This week we read David E. Wilkins Breaking into the Intergovernmental Matrix: The Lumbee tribes efforts to secure federal acknowledgement. In this article Wilkins discusses the concept of being politically recognized by the federal and state government. This recognition is in direct relation to American Indian tribes. Wilkins explains the difference between being recognized by the executive branch and Congress. The article ultimately seeks to understand the reasoning behind the Lumbee tribe seeking federal recognition.
Wilkins discusses the process a tribe must go through to receive federal recognition. Recognition can be achieved through two different processes. A tribe can take the administrative route (BIA) or they can receive recognition through congressional legislation. If trying to receive recognition through the BIA a tribe must meet 7 required criteria. One of these criteria states that a tribe must not be terminated. Since the Lumbee tribe was recognized and terminated in the same year they could not receive recognition through this particular process. Because of this the Lumbee tribe is currently seeking federal recognition through Congress.
Wilkins talks about the history of the recognition process and how it changed a great deal after 1870. Before then the recognition process was used as a means to acknowledge the existence of certain tribes. But after 1870 the idea of sovereignty was incorporated and tribes became eligible for certain benefits such as healthcare and education. Through these new benefits a tribe could also be eligible to house gaming in their community or reservation. There would have to be a consensus between the tribe and state in regards to the gaming. Ultimately gaming could bring revenue into the tribe. Regardless of the benefits or terms of recognition, tribes would always fall under the federal government because they would be seen as wards of the government.
The Lumbee people have strived to seek federal recognition to receive healthcare and educational benefits. Wilkins also addresses another issue he believes the Lumbee people are after in regards to recognition. He believes that the Lumbee people seek recognition to find some validation as real Indians from a historic Indian group. The Lumbee people already believe that they are an Indian community guided by kinship. So in reality I do not wholly agree with Wilkins’ argument because outsiders are the only ones who actually question the Lumbees identity as an Indian tribe.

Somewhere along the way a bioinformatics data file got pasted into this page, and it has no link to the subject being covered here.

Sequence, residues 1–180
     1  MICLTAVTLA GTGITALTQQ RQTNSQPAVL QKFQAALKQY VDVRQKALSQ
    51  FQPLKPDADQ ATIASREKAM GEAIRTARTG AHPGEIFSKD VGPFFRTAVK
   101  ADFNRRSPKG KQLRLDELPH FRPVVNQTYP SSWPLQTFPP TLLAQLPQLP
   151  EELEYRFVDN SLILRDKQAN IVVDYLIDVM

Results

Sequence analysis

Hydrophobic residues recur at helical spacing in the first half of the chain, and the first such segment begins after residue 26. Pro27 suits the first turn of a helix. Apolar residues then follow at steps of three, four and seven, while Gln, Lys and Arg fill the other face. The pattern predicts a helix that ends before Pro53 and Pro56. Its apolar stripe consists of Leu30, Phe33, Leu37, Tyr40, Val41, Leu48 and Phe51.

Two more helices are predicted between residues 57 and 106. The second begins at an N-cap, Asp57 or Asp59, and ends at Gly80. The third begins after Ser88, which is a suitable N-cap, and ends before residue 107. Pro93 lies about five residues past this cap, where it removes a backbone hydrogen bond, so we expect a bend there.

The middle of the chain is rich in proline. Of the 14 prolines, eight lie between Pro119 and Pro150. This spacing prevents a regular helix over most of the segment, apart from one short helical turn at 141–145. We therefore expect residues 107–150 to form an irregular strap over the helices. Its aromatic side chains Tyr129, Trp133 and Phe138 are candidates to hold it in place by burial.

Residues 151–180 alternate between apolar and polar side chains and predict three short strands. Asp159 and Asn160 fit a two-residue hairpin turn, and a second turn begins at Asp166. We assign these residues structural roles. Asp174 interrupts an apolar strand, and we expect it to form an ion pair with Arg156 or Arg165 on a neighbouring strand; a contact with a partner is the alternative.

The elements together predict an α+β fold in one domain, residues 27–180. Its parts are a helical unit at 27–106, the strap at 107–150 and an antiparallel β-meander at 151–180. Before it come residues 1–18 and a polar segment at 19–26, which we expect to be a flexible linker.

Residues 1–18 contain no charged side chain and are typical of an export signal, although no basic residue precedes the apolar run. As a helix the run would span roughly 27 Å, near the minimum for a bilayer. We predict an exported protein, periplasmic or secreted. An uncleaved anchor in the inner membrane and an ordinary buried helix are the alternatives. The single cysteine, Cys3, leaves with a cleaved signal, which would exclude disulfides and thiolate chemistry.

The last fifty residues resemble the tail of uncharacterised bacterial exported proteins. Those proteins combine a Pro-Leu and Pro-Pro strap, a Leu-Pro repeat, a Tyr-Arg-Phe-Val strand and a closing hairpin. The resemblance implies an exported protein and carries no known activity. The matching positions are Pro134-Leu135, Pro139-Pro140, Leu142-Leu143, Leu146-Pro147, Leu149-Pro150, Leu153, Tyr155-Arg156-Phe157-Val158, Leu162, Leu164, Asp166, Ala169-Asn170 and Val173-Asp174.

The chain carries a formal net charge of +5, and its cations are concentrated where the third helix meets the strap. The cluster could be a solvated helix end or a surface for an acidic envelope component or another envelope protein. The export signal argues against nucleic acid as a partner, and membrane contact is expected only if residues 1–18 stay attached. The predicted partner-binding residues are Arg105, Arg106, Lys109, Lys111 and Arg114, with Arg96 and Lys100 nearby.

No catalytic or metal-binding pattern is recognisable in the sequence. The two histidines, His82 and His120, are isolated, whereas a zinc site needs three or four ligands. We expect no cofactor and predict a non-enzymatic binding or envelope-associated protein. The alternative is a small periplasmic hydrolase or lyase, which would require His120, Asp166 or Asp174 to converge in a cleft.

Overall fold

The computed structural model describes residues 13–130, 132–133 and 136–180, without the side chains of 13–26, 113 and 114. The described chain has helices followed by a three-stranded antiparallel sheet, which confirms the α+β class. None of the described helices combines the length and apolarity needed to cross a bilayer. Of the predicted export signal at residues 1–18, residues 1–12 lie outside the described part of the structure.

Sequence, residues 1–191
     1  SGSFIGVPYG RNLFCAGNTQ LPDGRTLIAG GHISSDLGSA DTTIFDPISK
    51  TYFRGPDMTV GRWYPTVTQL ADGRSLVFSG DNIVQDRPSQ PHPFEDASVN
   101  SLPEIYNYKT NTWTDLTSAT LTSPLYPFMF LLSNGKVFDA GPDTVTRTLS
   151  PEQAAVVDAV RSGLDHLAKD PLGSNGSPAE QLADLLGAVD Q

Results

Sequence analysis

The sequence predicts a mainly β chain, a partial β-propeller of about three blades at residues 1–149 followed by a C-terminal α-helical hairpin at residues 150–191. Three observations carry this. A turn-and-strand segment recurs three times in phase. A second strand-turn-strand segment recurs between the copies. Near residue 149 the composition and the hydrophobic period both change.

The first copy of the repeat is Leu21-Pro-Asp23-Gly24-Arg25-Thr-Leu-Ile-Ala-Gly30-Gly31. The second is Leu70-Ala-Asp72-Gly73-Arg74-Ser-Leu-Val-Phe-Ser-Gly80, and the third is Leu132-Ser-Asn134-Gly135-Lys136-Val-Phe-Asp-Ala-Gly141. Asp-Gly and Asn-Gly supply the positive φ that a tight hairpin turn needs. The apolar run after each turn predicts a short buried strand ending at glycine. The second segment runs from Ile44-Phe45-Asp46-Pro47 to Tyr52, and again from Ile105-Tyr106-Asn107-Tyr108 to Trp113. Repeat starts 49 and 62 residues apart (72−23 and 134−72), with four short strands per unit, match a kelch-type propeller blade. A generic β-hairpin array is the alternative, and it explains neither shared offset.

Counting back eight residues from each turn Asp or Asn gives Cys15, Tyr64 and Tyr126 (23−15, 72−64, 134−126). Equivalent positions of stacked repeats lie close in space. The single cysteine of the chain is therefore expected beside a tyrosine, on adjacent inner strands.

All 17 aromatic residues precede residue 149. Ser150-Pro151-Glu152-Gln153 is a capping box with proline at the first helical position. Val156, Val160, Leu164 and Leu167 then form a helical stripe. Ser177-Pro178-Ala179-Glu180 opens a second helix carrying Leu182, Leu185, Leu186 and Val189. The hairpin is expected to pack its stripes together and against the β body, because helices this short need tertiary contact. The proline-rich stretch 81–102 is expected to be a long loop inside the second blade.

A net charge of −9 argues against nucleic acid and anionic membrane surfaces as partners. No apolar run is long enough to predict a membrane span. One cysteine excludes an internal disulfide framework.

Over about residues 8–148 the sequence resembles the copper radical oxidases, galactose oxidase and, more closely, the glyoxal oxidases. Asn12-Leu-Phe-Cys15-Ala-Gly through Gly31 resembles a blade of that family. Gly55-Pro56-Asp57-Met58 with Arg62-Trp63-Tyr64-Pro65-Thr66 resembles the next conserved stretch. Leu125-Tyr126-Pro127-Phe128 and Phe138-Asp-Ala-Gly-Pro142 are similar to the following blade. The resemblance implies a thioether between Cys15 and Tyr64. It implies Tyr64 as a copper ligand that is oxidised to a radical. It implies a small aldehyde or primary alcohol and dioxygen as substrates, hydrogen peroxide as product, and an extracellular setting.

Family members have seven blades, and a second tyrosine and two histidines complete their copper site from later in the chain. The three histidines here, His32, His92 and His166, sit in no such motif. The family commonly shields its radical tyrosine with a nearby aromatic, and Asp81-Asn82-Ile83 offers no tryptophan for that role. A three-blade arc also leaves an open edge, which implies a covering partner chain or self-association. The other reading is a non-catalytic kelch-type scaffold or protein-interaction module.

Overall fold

Wilkins also addresses why the Lumbees have been unable to receive federal recognition and government aid. He talks about the three eras that the Lumbee people have attempted recognition: the 1880’s to 1924, the 1950s, and 1980s. The first two eras was a time in which the government was trying to assimilate Indians into mainstream society by detribalizing them. In 1956 the government send anthropologist Carl Seltzer to the study the people of Robeson County. Through these studies of phenotypical characteristics he determined that there were only 22 ‘Indians’ residing there. This process was greatly flawed. Another problem is in the funding of recognition for the tribe. Where will the government get the money? This has caused worry with other federally recognized tribes because if the Lumbee receive benefits the recognition money will be split between 55,000 additional Indians.
For many years the federal recognition process has been one of mystery and confusion for a great deal of people. Wilkins provides us with a thorough explanation of the process and historical background involving the Lumbee tribe of North Carolina. Today the Lumbee continue their fight for recognition although a few things have changed. Being federally recognized does not make any tribe more or less Indian than they already are. It basically serves as a political relationship with the federal government that will entitle us to certain benefits. I believe that we should be entitled to these benefits regardless but the ultimate problem is where will the federal government get the money to aid 55,000 members of one tribe?